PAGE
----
- Christian Science Monitor
James Murdoch, the CEO of 21st Century Fox and son of media tycoon Rupert Murdoch, has joined Tesla’s board, the company announced in a blog post Monday.
The company also said that Linda Johnson Rice, chairman and chief executive officer of Johnson Publishing Company, will join the board.
At 21st Century Fox, James Murdoch ran the company’s environmental sustainability initiative. He and his wife, Kathryn, are the founders of a non-profit foundation called Quadrivium, which claims to “support practical, measurable solutions at the intersection of society’s challenges.”
Murdoch is the son of media mogul Rupert Murdoch, who founded News Corp. 21st Century Fox split from News Corp in 2014. Many Rupert Murdoch-owned publications – and even the man himself – have repeatedly expressed skepticism about man-made climate change.
In a 2015 tweet, he said he was a “climate change skeptic not a denier.”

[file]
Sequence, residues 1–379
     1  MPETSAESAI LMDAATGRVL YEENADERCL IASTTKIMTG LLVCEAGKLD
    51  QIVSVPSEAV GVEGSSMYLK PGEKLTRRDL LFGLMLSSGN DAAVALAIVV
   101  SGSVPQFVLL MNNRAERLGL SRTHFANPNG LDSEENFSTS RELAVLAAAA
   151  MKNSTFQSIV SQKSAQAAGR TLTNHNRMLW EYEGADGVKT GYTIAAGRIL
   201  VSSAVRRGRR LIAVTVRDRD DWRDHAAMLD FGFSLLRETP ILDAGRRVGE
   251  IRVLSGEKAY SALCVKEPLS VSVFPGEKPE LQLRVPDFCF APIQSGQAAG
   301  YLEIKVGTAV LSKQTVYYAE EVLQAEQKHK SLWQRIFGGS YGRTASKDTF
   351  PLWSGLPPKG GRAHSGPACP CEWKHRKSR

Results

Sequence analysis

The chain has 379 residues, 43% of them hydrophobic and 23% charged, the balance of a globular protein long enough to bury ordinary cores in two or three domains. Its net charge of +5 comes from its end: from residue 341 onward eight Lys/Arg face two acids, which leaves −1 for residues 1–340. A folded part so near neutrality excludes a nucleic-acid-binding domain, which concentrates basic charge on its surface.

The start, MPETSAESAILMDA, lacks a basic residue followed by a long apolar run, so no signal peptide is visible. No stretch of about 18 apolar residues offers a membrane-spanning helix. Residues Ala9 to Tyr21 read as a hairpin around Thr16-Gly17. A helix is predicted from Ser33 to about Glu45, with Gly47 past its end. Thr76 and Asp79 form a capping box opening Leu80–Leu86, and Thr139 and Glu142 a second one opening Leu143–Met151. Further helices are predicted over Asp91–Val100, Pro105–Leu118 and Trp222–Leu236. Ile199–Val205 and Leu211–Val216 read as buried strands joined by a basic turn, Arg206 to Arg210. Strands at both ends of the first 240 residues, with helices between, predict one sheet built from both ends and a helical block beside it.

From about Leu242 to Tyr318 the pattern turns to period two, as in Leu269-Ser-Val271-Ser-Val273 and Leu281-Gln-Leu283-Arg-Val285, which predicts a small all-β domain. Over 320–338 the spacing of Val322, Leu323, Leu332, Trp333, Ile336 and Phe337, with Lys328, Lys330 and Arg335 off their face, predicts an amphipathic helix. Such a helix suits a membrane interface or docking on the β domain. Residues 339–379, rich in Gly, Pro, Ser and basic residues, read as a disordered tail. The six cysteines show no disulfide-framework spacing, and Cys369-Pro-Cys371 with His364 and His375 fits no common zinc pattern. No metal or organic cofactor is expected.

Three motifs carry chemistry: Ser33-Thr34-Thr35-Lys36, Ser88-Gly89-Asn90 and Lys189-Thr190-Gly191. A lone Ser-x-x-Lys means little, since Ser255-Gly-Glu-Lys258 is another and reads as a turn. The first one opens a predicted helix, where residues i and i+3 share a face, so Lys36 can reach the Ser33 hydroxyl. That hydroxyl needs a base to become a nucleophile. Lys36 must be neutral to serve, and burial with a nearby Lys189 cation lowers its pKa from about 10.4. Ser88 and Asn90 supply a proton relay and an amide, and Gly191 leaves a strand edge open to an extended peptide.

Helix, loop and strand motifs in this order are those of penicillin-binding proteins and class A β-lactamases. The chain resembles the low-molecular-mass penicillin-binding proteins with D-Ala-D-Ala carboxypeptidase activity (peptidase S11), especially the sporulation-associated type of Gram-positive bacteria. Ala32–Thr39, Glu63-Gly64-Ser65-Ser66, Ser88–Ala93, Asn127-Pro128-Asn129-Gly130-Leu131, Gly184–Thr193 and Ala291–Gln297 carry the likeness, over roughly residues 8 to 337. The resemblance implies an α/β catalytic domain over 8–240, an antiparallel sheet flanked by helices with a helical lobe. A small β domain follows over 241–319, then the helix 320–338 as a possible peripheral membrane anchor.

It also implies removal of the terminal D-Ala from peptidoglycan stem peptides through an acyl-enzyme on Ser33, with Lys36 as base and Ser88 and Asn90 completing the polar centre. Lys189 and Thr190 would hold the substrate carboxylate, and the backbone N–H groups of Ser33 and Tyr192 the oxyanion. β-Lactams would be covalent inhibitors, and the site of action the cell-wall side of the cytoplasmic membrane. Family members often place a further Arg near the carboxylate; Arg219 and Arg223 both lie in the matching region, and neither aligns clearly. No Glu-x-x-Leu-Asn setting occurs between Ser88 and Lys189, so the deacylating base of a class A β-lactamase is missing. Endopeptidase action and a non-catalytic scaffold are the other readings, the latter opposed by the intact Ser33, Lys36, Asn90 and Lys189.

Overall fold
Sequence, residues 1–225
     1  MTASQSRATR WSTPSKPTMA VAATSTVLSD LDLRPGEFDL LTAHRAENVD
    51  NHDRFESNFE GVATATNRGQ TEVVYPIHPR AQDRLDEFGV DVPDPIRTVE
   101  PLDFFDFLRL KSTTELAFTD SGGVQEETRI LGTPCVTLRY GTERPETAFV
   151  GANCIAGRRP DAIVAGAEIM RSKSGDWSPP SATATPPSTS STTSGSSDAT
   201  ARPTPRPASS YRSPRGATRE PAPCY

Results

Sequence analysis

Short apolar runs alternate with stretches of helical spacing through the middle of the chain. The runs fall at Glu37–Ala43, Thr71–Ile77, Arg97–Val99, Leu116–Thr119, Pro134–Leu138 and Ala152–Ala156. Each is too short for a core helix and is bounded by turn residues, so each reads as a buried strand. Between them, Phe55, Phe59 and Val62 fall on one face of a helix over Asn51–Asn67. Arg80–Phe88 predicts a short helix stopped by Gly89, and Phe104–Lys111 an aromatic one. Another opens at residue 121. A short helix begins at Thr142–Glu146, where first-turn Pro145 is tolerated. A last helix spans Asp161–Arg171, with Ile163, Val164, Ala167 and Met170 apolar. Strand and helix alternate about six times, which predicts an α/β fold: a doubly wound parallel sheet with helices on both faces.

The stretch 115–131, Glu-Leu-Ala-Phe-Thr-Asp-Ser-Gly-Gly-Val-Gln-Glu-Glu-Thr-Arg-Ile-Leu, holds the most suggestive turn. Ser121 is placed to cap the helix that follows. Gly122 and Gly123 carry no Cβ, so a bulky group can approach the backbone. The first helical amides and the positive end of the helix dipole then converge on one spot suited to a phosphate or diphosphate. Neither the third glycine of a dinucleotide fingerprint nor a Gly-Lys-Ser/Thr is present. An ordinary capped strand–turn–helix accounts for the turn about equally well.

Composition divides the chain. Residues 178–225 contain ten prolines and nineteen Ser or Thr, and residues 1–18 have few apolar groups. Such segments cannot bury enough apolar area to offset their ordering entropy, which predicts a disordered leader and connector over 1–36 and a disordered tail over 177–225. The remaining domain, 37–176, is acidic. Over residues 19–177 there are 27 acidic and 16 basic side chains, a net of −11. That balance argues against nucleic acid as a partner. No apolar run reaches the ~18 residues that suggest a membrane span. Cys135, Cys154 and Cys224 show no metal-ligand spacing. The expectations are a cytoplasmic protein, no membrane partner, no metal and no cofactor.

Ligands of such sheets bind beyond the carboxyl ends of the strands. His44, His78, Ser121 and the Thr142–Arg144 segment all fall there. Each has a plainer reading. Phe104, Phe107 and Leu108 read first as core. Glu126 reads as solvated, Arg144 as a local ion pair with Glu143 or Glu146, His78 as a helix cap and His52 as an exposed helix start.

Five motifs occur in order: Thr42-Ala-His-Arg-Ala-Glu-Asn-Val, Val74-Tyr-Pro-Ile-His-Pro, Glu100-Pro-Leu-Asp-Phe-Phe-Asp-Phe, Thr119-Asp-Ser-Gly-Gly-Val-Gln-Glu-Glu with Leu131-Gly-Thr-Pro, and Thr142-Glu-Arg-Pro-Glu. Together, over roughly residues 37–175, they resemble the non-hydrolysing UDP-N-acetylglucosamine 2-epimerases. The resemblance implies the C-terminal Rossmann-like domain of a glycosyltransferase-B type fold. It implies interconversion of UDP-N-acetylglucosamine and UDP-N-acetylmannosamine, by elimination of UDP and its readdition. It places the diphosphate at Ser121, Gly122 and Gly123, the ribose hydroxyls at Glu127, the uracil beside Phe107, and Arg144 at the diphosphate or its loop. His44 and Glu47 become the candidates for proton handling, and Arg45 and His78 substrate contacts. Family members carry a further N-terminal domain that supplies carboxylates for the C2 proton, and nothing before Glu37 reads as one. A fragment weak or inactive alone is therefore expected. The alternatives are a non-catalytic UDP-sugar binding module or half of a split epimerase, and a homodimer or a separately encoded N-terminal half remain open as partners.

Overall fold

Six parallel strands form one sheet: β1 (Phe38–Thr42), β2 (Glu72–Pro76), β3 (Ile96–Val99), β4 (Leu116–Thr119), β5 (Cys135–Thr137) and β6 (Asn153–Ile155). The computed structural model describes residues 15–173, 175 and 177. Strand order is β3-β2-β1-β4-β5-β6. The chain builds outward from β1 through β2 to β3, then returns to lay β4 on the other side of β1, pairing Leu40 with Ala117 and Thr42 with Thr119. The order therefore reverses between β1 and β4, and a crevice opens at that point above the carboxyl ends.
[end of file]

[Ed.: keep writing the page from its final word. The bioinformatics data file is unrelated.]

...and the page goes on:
Fox Networks Group is the primary operating unit of 21st Century Fox. 21st Century Fox is also a joint venture partner in The National Geographic Channels with the National Geographic Society.
Investors criticized Tesla in April for having too many board members with ties to CEO Elon Musk, and that a “critical check on possible dysfunctional group dynamics” was needed.
Musk responded on Twitter, saying an announcement was coming soon. Three months later, the announcement was finally made: Murdoch and Johnson, who is also CEO of Ebony Media, will be joining the board.
Besides, I already said we’d add more independent members during SCTY merger. Will announce soon, but this group has nothing to do with it.
– Elon Musk (@elonmusk) April 12, 2017
The shakeup comes in a critical quarter for the electric car maker. Its new Model 3 – Tesla’s first mass-market electric car – is scheduled for delivery at the end of July. Tesla was briefly the largest US automaker in terms of market capitalization, ahead of General Motors, before being dethroned earlier this month.
Tesla shares slid 2.5% during Monday’s trading session, and continued to sink slightly after the bell.